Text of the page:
The UN found that the lethal response was directed from a “central command centre. . . jointly managed” by officials from the police, army, presidential bodyguard and intelligence agency that “authorised the use of force, including firearms”.

The reports validated claims made by the Rassemblement that it was soldiers who had set fire to several opposition parties’ headquarters on 20 September. Six men were killed when the compound of the UDPS party was attacked.

On 1 November, their funerals took place where they fell. White coffins, each draped in a UDPS flag, were shielded from the midday sun by a gazebo, while mourners found shade inside the charred building. Pierrot Tshibangu lost his younger sibling, Evariste, in the attack. “When we arrived, we found my brother’s body covered in stab marks and bullet wounds,” he recalled.

Once the government had suppressed the demonstration, the attorney general compiled a list of influential figures in the Rassemblement – including Diongo – and forbade them from leaving the capital. Kinshasa’s governor then outlawed all political protest.

It was easy to understand why Diongo felt embattled, even paranoid. Midway through our conversation, his staff apprehended a man loitering in the courtyard. Several minutes of mayhem ensued before he was restrained and confined under suspicion of spying for the government.

Kabila is seldom seen in public and almost never addresses the nation. His long-term intentions are unclear, but the president’s chief diplomatic adviser maintains that his boss has no designs on altering the constitution or securing a third term. He insists that Kabila will happily step down once the country is ready for the polls.

Most refuse to believe such assurances. On 18 October, Kabila’s ruling alliance struck a deal with a different, smaller opposition faction. It allows Kabila to stay in office until the next election, which has been postponed until April 2018. A rickety government of national unity is being put in place but discord is already rife.

Jean-Lucien Bussa of the CDER party helped to negotiate the deal and is now a front-runner for a ministerial portfolio. At a corner table in the national assembly’s restaurant, he told me that the Rassemblement was guilty of “a lack of realism”, and that its fears were misplaced because Kabila won’t be able to prolong his presidency any further.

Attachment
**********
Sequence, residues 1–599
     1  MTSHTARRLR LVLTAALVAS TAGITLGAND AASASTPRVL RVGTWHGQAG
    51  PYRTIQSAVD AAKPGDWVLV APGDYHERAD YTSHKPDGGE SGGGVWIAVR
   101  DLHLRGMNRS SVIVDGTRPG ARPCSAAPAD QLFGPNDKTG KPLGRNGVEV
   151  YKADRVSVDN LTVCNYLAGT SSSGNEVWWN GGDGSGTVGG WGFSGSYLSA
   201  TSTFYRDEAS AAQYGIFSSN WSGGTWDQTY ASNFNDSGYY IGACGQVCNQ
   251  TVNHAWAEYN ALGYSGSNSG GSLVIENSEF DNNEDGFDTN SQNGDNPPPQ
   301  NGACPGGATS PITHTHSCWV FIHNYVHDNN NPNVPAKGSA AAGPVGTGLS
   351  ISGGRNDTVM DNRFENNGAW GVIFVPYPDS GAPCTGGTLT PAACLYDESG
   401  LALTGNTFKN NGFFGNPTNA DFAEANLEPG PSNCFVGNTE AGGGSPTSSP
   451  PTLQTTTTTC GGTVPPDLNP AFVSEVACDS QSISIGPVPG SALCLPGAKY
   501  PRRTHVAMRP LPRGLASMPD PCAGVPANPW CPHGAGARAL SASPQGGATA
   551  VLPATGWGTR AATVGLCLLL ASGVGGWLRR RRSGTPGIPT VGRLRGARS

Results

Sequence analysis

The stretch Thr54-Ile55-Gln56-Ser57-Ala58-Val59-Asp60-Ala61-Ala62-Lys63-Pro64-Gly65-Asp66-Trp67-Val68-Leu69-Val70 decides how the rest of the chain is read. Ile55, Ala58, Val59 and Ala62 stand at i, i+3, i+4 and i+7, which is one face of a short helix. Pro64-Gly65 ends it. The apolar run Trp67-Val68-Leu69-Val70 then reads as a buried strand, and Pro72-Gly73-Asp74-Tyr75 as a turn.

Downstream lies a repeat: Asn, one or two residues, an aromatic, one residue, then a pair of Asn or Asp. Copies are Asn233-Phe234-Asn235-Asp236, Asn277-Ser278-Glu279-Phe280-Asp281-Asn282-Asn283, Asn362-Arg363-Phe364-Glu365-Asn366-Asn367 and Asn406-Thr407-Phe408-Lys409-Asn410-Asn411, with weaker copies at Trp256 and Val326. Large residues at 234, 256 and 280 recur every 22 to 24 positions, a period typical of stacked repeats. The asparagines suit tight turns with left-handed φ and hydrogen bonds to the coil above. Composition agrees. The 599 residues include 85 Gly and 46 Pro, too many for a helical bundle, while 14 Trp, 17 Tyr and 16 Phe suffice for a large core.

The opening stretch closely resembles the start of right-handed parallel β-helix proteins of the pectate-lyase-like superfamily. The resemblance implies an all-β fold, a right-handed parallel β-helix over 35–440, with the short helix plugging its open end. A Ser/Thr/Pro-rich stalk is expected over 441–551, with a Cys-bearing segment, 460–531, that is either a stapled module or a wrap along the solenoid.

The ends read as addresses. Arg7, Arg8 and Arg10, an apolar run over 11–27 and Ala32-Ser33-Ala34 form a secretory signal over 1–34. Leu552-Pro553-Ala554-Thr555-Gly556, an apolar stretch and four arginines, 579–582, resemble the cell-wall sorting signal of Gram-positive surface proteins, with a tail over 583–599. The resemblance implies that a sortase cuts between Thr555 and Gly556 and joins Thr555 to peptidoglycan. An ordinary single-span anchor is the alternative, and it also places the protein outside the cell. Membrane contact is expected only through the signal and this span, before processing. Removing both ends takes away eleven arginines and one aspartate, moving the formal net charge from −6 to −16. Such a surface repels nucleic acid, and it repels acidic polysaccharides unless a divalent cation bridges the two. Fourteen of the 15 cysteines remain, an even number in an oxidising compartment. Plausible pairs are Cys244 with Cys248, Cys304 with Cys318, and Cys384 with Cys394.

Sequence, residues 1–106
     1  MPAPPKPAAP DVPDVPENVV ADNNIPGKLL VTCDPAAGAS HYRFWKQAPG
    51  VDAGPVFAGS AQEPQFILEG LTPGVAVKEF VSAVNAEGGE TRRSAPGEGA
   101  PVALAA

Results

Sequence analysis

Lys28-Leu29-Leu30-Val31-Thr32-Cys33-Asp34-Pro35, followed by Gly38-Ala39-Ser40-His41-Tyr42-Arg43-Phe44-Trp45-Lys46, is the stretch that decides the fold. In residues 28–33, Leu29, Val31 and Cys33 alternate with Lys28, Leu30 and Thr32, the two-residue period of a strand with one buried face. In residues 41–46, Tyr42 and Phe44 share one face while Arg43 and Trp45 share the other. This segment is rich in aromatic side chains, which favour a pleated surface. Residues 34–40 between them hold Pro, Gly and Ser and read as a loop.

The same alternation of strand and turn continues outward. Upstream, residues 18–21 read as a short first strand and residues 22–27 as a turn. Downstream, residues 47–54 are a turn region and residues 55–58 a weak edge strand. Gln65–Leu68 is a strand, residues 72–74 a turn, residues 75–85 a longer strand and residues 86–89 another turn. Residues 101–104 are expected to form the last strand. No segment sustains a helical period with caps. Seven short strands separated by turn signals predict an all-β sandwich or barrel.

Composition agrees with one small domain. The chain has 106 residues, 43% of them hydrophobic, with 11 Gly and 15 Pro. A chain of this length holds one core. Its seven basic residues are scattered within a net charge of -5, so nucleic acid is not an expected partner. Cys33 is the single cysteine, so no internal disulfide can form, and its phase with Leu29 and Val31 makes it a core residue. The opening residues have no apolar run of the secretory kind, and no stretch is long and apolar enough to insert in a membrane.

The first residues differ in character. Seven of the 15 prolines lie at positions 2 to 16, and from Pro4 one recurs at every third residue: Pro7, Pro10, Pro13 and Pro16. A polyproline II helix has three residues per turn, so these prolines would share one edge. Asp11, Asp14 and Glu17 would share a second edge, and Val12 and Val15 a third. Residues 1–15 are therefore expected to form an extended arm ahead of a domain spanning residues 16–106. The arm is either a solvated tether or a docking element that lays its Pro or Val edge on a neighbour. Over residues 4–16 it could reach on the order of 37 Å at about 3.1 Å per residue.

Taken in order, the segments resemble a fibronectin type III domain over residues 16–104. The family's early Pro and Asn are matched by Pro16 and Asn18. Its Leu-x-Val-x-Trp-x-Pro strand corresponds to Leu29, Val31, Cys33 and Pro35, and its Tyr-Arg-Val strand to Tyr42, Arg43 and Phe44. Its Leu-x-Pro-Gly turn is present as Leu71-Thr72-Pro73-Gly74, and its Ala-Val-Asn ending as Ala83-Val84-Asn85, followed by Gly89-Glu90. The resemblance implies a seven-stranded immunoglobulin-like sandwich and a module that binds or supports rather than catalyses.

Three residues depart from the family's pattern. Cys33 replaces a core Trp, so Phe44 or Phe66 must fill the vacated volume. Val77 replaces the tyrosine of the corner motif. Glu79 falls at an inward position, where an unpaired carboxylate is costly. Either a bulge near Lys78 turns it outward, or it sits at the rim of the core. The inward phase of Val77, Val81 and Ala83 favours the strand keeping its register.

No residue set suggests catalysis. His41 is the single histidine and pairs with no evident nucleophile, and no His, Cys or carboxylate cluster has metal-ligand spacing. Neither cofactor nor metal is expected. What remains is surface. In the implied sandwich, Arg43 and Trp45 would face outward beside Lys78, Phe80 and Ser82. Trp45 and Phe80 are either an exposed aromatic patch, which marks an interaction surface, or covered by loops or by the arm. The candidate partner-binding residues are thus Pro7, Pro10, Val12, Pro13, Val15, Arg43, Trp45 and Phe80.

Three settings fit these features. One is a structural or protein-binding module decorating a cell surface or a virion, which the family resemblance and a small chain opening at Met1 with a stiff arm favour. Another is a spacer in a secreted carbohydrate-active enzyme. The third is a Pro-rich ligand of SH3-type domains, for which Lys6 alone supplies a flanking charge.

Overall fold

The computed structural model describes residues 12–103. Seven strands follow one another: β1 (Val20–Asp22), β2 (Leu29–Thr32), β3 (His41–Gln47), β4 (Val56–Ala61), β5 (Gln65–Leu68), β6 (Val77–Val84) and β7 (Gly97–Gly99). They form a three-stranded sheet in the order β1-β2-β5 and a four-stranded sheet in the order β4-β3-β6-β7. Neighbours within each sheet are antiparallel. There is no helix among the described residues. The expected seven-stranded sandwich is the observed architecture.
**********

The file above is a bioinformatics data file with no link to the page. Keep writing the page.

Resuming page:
“On 29 April 2018, the Congolese will go to the ballot box to vote for their next president,” he said. “There is no other alternative for democrats than to find a negotiated solution, and this accord has given us one.”

Diongo was scathing of the pact (he called it “a farce intended to deceive”) and he excommunicated its adherents from his faction. “They are Mr Kabila’s collaborators, who came to divide the opposition,” he told me. “What kind of oppositionist can give Mr Kabila the power to violate the constitution beyond 19 December?”

Diongo is convinced that the president has no intention of walking away from power in April 2018. “Kabila will never organise elections if he cannot change the constitution,” he warned.

Diongo’s anger peaked at the suggestion that it will be an uphill struggle to dislodge a head of state who has control of the security forces. “What you need to consider,” he said, “is that no army can defy a people determined to take control of their destiny . . . The Congolese people will have the last word!”

A recent poll suggested that the president would win less than 8 per cent of the vote if an election were held this year. One can only assume that Kabila is hoping that the population will have no say at all.

This article first appeared in the 01 December 2016 issue of the New Statesman, Age of outrage